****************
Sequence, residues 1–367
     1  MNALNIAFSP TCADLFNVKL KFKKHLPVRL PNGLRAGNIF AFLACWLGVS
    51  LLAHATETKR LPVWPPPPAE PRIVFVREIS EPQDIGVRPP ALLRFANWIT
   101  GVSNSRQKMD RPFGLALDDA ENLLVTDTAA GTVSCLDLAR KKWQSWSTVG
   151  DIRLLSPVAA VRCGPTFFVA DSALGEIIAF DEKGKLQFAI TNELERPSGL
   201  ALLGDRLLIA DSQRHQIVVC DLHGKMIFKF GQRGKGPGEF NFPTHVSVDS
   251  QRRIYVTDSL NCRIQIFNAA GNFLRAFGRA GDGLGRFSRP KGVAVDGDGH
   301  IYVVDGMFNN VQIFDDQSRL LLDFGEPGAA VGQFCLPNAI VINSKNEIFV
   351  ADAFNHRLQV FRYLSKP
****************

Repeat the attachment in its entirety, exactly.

Sequence, residues 1–367
     1  MNALNIAFSP TCADLFNVKL KFKKHLPVRL PNGLRAGNIF AFLACWLGVS
    51  LLAHATETKR LPVWPPPPAE PRIVFVREIS EPQDIGVRPP ALLRFANWIT
   101  GVSNSRQKMD RPFGLALDDA ENLLVTDTAA GTVSCLDLAR KKWQSWSTVG
   151  DIRLLSPVAA VRCGPTFFVA DSALGEIIAF DEKGKLQFAI TNELERPSGL
   201  ALLGDRLLIA DSQRHQIVVC DLHGKMIFKF GQRGKGPGEF NFPTHVSVDS
   251  QRRIYVTDSL NCRIQIFNAA GNFLRAFGRA GDGLGRFSRP KGVAVDGDGH
   301  IYVVDGMFNN VQIFDDQSRL LLDFGEPGAA VGQFCLPNAI VINSKNEIFV
   351  ADAFNHRLQV FRYLSKP